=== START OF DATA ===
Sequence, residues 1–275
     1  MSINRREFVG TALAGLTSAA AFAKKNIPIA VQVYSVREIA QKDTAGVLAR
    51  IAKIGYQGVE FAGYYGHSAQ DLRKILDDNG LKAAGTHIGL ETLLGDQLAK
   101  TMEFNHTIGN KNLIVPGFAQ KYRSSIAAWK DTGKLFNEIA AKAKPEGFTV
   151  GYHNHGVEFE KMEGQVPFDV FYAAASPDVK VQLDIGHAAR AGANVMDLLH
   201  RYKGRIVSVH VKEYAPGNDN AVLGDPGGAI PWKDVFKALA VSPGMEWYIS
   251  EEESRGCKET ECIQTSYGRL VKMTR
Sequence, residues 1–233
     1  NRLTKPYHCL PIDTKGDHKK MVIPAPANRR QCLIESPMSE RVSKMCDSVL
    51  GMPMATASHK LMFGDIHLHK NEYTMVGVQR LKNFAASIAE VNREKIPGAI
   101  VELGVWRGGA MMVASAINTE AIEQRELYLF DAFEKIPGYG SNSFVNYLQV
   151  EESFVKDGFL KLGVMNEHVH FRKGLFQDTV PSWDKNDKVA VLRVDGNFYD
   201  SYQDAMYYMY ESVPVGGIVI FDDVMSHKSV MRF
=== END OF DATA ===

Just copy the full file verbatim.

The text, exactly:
Sequence, residues 1–275
     1  MSINRREFVG TALAGLTSAA AFAKKNIPIA VQVYSVREIA QKDTAGVLAR
    51  IAKIGYQGVE FAGYYGHSAQ DLRKILDDNG LKAAGTHIGL ETLLGDQLAK
   101  TMEFNHTIGN KNLIVPGFAQ KYRSSIAAWK DTGKLFNEIA AKAKPEGFTV
   151  GYHNHGVEFE KMEGQVPFDV FYAAASPDVK VQLDIGHAAR AGANVMDLLH
   201  RYKGRIVSVH VKEYAPGNDN AVLGDPGGAI PWKDVFKALA VSPGMEWYIS
   251  EEESRGCKET ECIQTSYGRL VKMTR
Sequence, residues 1–233
     1  NRLTKPYHCL PIDTKGDHKK MVIPAPANRR QCLIESPMSE RVSKMCDSVL
    51  GMPMATASHK LMFGDIHLHK NEYTMVGVQR LKNFAASIAE VNREKIPGAI
   101  VELGVWRGGA MMVASAINTE AIEQRELYLF DAFEKIPGYG SNSFVNYLQV
   151  EESFVKDGFL KLGVMNEHVH FRKGLFQDTV PSWDKNDKVA VLRVDGNFYD
   201  SYQDAMYYMY ESVPVGGIVI FDDVMSHKSV MRF